For anyone wondering, you can abort script requests (JSONP) by calling window.stop(). This aborts ALL pending image and script requests, though, so it isn't a great solution in most cases. –  Nate Jan 8 '11 at 0:13
    
For anyone following along for the ride, the release of jQuery 1.5 (31 Jan) has overhauled the .ajax() bits completely. Among other things, you now can abort requests, including JSONP requests. Might be worth a read through (api.jquery.com/jQuery.ajax) –  Herb Feb 3 '11 at 21:47

Wrong Answer. Ignore this post.

$.getJSON doesn't return any value. Instead it gets the response of the URL submitted and converts it to JSON object and passes it to callback if passed. Check the URL: [link text][1] [1]: http://api.jquery.com/jQuery.getJSON/ getJSON method skeleton(as per jQuery Site): > jQuery.getJSON( url, [ data ], [ > callback(data, textStatus, xhr) ] ) > > urlA string containing the URL to > which the request is sent. > > dataA map or string that is sent to > the server with the request. > > callback(data, textStatus, xhr)A > callback function that is executed if > the request succeeds.
share|improve this answer
    
According to the documentation that you linked, getJSON does return the XmlHttpRequest. Look at the header, in the right-hand side. –  Nate Jan 7 '11 at 21:37
    
Thx Nate. Updated the post with deleted lines. –  Chandu Jan 7 '11 at 21:41

$.getJSON is a shorthand for $.ajax(), bt like most shorthand of $.ajax() there's no default error handler. Try to use $.ajax and set you error handlers accordingly. Maye something is wrong in your Json syntax. And you're in the 'silent fail' problem.

Doc extract:

Important: As of jQuery 1.4, if the JSON file contains a syntax error, the request will usually fail silently. Avoid frequent hand-editing of JSON data for this reason. JSON is a data-interchange format with syntax rules that are stricter than those of JavaScript's object literal notation. For example, all strings represented in JSON, whether they are properties or values, must be enclosed in double-quotes. For details on the JSON format, see http://json.org/.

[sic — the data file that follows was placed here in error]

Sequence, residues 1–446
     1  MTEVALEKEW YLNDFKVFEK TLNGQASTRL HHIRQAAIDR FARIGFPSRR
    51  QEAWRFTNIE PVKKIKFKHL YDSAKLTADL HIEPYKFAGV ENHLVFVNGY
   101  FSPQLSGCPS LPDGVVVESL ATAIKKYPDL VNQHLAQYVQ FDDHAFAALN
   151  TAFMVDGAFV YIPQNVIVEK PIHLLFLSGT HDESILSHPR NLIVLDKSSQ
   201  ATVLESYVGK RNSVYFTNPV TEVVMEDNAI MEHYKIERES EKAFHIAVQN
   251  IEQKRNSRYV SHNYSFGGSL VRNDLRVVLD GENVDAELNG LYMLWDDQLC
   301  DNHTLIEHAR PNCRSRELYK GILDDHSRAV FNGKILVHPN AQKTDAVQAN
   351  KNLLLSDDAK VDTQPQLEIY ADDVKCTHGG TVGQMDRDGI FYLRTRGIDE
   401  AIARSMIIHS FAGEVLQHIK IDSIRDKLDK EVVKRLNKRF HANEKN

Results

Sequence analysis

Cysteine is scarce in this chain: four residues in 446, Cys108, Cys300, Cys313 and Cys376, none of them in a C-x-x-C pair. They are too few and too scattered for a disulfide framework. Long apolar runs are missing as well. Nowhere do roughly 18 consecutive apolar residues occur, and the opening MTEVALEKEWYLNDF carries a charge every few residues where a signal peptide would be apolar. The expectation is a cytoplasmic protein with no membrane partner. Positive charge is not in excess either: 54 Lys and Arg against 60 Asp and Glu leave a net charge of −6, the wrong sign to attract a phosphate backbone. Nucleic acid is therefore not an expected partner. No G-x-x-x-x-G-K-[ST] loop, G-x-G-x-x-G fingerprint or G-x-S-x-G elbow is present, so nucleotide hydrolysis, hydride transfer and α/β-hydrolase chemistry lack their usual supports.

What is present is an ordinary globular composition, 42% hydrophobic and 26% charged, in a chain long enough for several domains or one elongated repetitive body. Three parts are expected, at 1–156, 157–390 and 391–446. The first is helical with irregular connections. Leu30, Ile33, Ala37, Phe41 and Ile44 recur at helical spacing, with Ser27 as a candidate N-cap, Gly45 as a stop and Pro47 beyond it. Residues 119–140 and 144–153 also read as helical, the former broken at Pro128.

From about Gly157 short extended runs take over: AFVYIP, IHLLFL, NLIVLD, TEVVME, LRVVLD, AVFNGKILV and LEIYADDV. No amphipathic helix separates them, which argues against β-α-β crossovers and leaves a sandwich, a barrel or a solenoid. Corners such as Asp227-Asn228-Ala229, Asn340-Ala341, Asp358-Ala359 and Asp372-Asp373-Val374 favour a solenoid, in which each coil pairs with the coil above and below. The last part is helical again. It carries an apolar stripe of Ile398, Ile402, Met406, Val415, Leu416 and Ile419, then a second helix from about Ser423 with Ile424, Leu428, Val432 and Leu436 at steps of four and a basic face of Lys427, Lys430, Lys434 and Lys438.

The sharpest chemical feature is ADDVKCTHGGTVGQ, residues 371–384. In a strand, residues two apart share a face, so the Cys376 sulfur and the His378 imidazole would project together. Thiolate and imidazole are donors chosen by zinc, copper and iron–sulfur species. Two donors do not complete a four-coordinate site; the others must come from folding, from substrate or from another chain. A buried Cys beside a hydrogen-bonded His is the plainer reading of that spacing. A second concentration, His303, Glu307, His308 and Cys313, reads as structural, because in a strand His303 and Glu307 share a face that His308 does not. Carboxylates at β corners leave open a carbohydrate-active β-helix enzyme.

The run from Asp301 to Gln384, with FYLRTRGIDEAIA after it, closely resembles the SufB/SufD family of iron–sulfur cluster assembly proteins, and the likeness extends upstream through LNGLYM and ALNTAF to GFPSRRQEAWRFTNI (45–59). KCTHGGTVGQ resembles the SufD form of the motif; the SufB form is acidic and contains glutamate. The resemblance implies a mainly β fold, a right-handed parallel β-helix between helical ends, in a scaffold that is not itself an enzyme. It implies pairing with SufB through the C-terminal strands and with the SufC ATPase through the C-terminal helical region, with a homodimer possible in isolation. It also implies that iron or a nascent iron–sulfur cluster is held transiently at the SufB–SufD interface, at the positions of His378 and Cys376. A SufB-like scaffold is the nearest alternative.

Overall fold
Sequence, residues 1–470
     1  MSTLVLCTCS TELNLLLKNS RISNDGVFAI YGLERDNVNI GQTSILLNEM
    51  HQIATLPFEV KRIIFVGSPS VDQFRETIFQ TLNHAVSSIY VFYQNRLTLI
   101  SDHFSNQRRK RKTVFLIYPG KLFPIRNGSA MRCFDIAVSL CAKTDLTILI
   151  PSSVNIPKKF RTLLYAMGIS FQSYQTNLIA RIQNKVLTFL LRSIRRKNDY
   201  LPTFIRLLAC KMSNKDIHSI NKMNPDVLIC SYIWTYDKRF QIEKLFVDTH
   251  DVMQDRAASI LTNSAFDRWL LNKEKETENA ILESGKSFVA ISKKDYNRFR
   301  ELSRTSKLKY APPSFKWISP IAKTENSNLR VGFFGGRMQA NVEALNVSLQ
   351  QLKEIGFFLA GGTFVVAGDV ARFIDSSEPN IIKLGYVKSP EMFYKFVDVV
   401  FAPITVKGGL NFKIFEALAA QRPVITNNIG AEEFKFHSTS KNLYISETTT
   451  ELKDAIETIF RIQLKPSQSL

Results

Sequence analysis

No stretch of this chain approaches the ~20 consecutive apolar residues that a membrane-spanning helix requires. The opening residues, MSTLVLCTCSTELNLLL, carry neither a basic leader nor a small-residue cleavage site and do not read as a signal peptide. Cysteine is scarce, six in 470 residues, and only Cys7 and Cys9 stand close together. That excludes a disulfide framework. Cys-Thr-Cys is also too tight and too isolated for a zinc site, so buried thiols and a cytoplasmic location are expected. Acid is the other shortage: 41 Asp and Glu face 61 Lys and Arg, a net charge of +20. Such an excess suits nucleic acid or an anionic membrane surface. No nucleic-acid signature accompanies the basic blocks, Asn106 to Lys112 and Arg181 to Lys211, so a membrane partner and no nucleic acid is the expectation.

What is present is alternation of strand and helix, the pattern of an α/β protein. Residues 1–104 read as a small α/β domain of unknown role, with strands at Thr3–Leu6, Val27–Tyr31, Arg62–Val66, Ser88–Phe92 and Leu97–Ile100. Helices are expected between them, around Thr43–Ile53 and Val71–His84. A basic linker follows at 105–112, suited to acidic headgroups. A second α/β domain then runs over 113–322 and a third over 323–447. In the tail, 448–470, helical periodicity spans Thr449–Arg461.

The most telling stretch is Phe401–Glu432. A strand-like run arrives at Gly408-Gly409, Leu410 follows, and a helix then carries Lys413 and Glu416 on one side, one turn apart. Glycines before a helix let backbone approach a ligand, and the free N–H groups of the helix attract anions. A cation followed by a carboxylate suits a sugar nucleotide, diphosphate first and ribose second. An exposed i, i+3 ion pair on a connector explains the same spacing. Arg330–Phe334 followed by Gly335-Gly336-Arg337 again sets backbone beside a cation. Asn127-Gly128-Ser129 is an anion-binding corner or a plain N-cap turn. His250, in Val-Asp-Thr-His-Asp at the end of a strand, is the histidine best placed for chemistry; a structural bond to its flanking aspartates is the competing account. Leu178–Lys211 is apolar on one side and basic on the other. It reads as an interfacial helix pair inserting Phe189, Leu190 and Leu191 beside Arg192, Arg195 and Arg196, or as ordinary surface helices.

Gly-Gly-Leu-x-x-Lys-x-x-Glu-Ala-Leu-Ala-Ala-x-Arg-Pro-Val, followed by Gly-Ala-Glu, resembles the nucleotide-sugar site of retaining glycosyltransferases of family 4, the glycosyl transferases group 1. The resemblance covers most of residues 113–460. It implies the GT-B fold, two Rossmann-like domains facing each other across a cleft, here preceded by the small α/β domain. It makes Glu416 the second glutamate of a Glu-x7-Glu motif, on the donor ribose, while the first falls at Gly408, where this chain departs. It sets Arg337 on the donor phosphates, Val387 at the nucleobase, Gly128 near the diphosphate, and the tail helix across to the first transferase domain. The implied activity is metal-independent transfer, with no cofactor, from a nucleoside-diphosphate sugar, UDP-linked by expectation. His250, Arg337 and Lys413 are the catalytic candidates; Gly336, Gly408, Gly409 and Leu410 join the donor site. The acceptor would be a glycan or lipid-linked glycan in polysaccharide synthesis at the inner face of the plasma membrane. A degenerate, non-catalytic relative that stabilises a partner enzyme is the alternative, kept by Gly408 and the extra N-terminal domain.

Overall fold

share|improve this answer
    
Nope, I'm definitely getting a proper response back. See "Update 2" in my original post. There is some new information there. –  Nate Jan 7 '11 at 22:40
    
@Nate about the parameter, you need to urlencode your url or to use the data parameter of $.ajax() to set the parameters of the url. And when you say 'proper response' are you sure it realy good in terms of syntax? –  regilero Jan 7 '11 at 22:52
    
Just tried this. Check out "Update 4" above. –  Nate Jan 7 '11 at 23:11
1  
@Nate, I wanted to tell you to add the error handler call in the ajax() parameers, but in the doc I saw "This handler is not called for JSONP requests, because they do not use an XMLHttpRequest". Well if they do not use XMLHttpRequest for JsonP, you cannot get an Xhr result. check api.jquery.com/jQuery.ajax for jsonp, lot of usefull infos. –  regilero Jan 7 '11 at 23:21

The $.getJSON function is asynchronous meaning that it will continue running past the script even if the JSON request hasn't finished yet. It's possible that your console.log(request); is running before the request returns and so perhaps it doesn't have the xhr object.

I don't know this for sure, but it's a thought.

EDIT: Below was my original answer which I realize was wrong
The XHR object is passed as the third argument to the callback function. If you want it, you need to use this: function(data, statusText, xhr) { instead of this function(data) {.

Now, if your success callback isn't being called at all, that's another story. Try adding an alert(statusText); in the callback to ensure it's being called. If it's not being called, do as @regilero mentioned and use $.ajax with an error handler passed to see if any error messages are popping up.

share|improve this answer
    
$.getJSON returns the XHR object, so the fact that it is an asynchronous request shouldn't have anything to do with it. –  Nate Jan 7 '11 at 22:41

the first answer is wrong actually you can abort the ajax request ;)

$.ajax({
    url: "/event/search/list-event.html",
    data:{
        page: 1
    },
    beforeSend: function(xhr)
    {    
        if(window.eventListXhr != null){
            window.eventListXhr.abort();
        }
        window.eventListXhr = xhr;
    },
    success: function(data) {
        // ....
    }
});
share|improve this answer
    
Yep, I believe this wasn't available when I first asked the question, but has since been added to jQuery. –  Nate Jul 23 '13 at 16:44